22 Jul Beware of clothing deductions this tax time
If you have previously claimed work-related clothing expenses and laundry expenses in your tax return, you should beware this tax time because the ATO is cracking down on these claims. According to the ATO, clothing claims went up nearly 20% over the last 5 years and last year around 6 million people claimed expenses totalling nearly $1.8bn. In addition, around a quarter of all clothing and laundry claims were exactly $150, which is the threshold that requires taxpayers to keep detailed records.
Assistant Commissioner Kath Anderson said: “[we] are concerned that some taxpayers think they are entitled to claim $150 as a ‘standard deduction’ or ‘safe amount’, even if they don’t meet the clothing and laundry requirements…just to be clear, the $150 limit is there to reduce the record-keeping burden, but it is not an automatic entitlement for everyone”.
So what can you claim under work-related clothing and laundry expenses? Firstly, work-related clothing must be for uniform, protective or occupation-specific clothing that you are required to wear to earn your income, and you must be able to show that you have spent the money. Normal clothing such as suits and dresses cannot be claimed as work-related clothing. This is the case even if you have been told by your boss to wear a certain colour (ie white shirt, black pants), or wear items from the latest fashion clothing line, or if you bought the item specifically for work and do not wear it anywhere else.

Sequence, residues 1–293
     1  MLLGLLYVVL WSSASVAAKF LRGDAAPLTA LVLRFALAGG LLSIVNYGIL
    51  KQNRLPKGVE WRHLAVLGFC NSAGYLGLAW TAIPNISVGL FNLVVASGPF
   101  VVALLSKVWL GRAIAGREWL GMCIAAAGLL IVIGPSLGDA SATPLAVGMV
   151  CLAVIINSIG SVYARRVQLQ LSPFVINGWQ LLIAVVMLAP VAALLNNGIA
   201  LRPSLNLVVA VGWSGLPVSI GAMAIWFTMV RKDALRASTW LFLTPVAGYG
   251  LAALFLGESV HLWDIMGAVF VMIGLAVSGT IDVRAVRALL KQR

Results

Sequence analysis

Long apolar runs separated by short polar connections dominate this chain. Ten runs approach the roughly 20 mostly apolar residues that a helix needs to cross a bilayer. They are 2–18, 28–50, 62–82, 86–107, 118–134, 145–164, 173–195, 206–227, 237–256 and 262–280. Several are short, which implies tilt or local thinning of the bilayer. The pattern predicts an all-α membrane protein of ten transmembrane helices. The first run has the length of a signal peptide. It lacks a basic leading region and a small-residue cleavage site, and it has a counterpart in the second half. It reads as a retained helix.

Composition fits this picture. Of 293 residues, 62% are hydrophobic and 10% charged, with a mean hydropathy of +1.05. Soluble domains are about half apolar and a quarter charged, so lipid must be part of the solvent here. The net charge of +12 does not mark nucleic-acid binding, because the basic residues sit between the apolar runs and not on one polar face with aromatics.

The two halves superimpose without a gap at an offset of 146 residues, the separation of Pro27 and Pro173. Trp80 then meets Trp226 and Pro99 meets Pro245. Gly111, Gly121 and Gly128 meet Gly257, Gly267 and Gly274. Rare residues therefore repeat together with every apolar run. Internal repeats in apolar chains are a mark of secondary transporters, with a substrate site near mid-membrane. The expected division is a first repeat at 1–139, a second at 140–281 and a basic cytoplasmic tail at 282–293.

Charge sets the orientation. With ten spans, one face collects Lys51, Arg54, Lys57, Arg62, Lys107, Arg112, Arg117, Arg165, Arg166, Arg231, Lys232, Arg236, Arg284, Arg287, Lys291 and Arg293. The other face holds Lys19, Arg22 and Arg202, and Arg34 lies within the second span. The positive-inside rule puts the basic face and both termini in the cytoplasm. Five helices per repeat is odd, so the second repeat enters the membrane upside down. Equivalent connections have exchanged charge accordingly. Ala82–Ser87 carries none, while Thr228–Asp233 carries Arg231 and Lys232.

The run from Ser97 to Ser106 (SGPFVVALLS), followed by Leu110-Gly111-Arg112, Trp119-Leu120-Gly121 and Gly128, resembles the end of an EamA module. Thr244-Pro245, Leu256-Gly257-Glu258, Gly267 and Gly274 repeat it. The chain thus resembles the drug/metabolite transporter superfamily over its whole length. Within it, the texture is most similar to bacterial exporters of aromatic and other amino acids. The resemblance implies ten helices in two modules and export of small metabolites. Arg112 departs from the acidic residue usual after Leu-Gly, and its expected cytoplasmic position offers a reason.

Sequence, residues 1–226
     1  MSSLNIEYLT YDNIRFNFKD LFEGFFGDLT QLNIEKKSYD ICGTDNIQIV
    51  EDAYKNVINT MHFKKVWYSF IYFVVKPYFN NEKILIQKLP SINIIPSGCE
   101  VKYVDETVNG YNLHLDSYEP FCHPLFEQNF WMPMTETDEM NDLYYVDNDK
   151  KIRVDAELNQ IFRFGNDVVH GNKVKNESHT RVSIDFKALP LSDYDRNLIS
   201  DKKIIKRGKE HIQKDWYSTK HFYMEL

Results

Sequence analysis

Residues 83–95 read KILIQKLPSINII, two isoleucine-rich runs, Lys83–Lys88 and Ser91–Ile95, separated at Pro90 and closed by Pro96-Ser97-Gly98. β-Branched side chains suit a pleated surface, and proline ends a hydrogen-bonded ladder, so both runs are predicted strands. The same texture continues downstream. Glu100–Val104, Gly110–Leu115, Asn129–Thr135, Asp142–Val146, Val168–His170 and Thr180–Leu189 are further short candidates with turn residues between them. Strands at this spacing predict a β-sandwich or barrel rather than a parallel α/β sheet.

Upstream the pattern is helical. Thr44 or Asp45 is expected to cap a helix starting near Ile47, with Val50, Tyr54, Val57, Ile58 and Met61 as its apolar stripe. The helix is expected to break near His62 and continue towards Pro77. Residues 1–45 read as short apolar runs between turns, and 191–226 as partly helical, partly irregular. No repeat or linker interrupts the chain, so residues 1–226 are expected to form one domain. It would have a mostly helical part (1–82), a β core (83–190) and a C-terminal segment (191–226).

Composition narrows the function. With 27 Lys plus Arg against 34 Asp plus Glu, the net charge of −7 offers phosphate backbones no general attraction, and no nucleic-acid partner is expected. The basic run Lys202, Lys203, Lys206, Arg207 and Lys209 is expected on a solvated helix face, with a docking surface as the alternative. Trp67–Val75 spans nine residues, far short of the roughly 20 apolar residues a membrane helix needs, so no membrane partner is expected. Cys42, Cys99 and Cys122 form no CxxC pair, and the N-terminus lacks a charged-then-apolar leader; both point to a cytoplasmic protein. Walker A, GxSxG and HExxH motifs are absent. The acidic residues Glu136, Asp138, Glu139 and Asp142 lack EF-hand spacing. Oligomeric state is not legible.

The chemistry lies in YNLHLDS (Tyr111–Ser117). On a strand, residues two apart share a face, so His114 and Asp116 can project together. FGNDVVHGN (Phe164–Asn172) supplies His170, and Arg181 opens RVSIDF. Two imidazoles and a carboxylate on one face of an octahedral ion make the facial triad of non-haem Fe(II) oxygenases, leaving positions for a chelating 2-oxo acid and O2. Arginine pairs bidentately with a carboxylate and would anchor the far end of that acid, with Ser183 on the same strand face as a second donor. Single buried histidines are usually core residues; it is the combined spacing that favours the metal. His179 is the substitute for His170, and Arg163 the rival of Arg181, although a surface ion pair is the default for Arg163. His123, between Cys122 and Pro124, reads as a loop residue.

If you’re claiming expenses for laundry, you should note that you can only claim laundry expenses for work-related clothing. Again, normal clothing does not count. To calculate the laundry expense (including washing, drying and ironing), the ATO uses the figure of $1 per load if the load is made up only of work-related clothing, and 50c per load if you include other laundry items. If you claim laundry expenses for work-related clothing, you may be required to show how often you wore the clothing including evidence of number of shifts and weeks worked per year.
To assist in weeding out dodgy work-related clothing expenses and laundry expenses this tax time, the ATO will be using sophisticated analytics on every tax return to identify unusual claims. This includes comparing taxpayers to others in similar occupations earning similar income. If a “red flag” is raised by the analytics, the ATO will investigate the amounts claimed, which may be as simple as checking whether you are required to wear uniforms, protective clothing, or occupation specific clothing with your employer. The ATO warns those taxpayers who are unable to substantiate their claims should expect to have them refused, and may be penalised for failing to take reasonable care. If you’re unsure, we can help you navigate the treacherous waters this tax time.